(Citation omitted.)  Culpepper v. Thompson, 254 Ga.App. 569, 571(c), 562 S.E.2d 837 (2002).   See also Atlanta Market Center Mgmt. Co. v. McLane, 269 Ga. 604, 608, 503 S.E.2d 278 (1998).  “Privilege” in this context means “a legitimate or bona fide interest of the defendant or a legitimate relationship of the defendant with the contract, which causes the defendant not to be considered a stranger, interloper, or meddler to the contract.”  (Citation omitted.)  Culpepper v. Thompson, 254 Ga.App. at 571-572(c)(1), 562 S.E.2d 837.

In Culpepper, for example, we held that the president of a county farm bureau could not be liable for tortious interference with the employment contract between Georgia Farm Bureau Mutual Insurance Company and one of its agents because the president had a legitimate interest in that contract, and thus acted with privilege in requesting the agent's transfer to another county.  Id. at 572(c)(1), 562 S.E.2d 837.   This Court reached this conclusion based upon the fact that the agent was required to maintain good relations with the local board of directors of the farm bureau, because the farm bureau had a vested business interest in the success of the insurance company from premiums generated in the county and the farm bureau's board also approved the placement of the agent within the county.  Id. at 569, 562 S.E.2d 837.

Here, the evidence at trial showed that each subdivision lot, including those owned by the developer, were subject to “An Amended and Restated Declaration of Protective Covenants” governing the subdivision.   That document was signed by both the developer and the homeowners association.   Under these protective covenants, the homeowners association was granted the power to enforce the covenants and collect dues and assessments.   And the Georgia Property Owners' Association Act gives the covenants the force of law.  OCGA § 44-3-223.   Thus, each of the warranty deeds executed in connection with the developer's sale of its lots recite that the property is subject to these protective covenants.   Accordingly, the homeowners association acted with privilege when it took action as outlined under the protective covenants, such as attempting to collect dues and assessments.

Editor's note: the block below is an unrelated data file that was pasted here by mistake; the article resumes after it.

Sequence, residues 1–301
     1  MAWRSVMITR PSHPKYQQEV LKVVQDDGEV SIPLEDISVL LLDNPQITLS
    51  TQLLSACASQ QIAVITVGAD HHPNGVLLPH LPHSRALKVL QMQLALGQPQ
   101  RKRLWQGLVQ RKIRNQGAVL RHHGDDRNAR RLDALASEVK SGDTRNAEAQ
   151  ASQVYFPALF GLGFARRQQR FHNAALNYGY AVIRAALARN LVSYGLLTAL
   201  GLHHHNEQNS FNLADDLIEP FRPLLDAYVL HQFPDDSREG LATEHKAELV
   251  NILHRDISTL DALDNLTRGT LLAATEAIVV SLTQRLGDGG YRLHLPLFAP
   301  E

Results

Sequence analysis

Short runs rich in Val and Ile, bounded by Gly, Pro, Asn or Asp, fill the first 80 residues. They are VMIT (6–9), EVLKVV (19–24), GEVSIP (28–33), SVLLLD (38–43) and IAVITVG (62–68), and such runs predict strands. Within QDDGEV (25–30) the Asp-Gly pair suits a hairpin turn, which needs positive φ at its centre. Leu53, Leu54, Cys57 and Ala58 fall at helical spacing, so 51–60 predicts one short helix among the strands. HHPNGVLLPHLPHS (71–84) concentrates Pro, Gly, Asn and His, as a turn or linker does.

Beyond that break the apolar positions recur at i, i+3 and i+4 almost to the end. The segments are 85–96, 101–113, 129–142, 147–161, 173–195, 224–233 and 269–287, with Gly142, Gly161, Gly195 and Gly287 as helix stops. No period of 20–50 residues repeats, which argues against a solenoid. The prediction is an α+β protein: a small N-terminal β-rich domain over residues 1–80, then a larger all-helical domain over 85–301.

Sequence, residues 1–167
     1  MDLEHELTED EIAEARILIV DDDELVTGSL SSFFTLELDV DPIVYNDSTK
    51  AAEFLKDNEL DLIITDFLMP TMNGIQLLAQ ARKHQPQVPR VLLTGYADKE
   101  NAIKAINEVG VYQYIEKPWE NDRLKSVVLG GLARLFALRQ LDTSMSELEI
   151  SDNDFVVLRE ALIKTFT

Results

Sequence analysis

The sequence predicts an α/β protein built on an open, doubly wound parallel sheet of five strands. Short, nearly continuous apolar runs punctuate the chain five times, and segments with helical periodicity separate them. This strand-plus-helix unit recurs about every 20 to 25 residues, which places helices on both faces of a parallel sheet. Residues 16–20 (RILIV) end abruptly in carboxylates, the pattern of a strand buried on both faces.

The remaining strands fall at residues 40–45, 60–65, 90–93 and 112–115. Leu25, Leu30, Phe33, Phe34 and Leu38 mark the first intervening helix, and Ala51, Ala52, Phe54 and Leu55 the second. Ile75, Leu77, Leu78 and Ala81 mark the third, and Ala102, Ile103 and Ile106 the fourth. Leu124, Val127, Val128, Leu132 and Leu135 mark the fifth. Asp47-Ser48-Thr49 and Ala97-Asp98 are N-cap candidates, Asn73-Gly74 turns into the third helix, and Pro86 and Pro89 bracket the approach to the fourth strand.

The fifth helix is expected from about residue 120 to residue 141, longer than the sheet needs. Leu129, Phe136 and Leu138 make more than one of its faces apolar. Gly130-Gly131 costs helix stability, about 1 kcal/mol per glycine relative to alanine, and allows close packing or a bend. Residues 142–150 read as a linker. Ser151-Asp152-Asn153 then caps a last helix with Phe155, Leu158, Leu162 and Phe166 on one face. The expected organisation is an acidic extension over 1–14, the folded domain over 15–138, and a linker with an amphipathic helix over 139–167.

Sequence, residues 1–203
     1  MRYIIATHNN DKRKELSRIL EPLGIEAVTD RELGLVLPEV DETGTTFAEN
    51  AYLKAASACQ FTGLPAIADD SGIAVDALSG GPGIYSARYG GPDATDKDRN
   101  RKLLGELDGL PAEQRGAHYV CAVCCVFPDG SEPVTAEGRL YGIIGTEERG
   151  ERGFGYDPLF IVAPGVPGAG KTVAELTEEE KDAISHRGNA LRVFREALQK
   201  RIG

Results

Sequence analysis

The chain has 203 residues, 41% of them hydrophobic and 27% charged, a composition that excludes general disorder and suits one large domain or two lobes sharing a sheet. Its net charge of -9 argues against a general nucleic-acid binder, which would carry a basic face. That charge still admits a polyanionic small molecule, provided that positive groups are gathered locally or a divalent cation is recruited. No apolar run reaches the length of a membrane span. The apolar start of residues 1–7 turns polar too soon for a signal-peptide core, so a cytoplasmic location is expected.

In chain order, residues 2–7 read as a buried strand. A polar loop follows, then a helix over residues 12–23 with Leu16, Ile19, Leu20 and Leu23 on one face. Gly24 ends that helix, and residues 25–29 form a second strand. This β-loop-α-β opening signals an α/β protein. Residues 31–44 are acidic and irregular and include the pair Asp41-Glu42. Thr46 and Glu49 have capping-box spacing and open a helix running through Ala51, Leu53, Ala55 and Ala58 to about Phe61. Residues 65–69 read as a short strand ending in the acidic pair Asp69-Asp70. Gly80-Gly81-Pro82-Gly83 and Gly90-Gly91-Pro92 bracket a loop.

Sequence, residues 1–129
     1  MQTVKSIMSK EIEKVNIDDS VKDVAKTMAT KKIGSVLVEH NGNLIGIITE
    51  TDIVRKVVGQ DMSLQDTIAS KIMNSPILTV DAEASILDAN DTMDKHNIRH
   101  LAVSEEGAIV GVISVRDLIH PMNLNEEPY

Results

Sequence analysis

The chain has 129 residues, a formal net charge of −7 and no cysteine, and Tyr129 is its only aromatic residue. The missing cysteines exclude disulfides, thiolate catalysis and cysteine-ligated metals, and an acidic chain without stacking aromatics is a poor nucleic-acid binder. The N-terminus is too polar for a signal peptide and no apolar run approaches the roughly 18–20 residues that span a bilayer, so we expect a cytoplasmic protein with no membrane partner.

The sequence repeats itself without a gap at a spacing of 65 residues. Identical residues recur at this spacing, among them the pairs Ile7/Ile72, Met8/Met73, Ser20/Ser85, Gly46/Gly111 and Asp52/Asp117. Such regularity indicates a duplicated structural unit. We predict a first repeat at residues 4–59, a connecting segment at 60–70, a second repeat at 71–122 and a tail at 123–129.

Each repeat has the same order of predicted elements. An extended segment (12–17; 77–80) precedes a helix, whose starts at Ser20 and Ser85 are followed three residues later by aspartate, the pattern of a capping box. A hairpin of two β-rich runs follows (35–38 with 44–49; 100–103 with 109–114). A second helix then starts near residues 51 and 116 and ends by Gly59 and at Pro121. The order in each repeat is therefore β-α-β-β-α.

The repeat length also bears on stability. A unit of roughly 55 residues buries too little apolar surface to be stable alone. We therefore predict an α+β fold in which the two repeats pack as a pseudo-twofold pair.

But even if the actions of the homeowners association exceeded this privilege, as the developer asserts, the tortious interference claim fails because the association is not a stranger to the relationship between the developer and the purchasers.   To be liable for interference with contractual or business relations, “one must be a stranger to both the contract and the business relationship giving rise to and underpinning the contract.   In other words, all parties to a comprehensive interwoven set of contracts are not liable for tortious interference with any of the contracts or business relationships.”  (Footnotes and emphasis omitted.)  Galardi v. Steele-Inman, 266 Ga.App. 515, 521(3), 597 S.E.2d 571 (2004).

Under the circumstances here, we cannot say that the homeowners association was a stranger to the contracts or relationship between the developer and the purchasers of the developer's lots.   Rather, they are all parties to a “comprehensive interwoven set of contracts.”   Therefore, we find that the homeowners association cannot be liable for tortious interference with the contracts or business relationship between the developer and the lot purchasers.   See Galardi v. Steele-Inman, 266 Ga.App. 521(3), 597 S.E.2d 571;  Cox v. City of Atlanta, 266 Ga.App. 329, 332(1), 596 S.E.2d 785 (2004);  Mulligan v. Brunswick Mem. Hosp. Auth., 264 Ga.App. 39, 40(3), 589 S.E.2d 851 (2003).   In reaching this conclusion, we are mindful of our Supreme Court's recent approval of our line of cases that “reduce[s] the number of entities against which a claim of tortious interference with [a] contract may be maintained.”  Atlanta Market Center Mgmt. Co. v. McLane, 269 Ga. at 610(2), 503 S.E.2d 278.

Accordingly, we find that the trial court erred in denying the homeowners association's motions for j.n.o.v. and for new trial on this ground, and we reverse.

2. In light of our holding in Division 1, we need not reach the homeowners association's remaining enumerations of error.

Judgment reversed.

ADAMS, Judge.

RUFFIN, P.J., and ELDRIDGE, J., concur.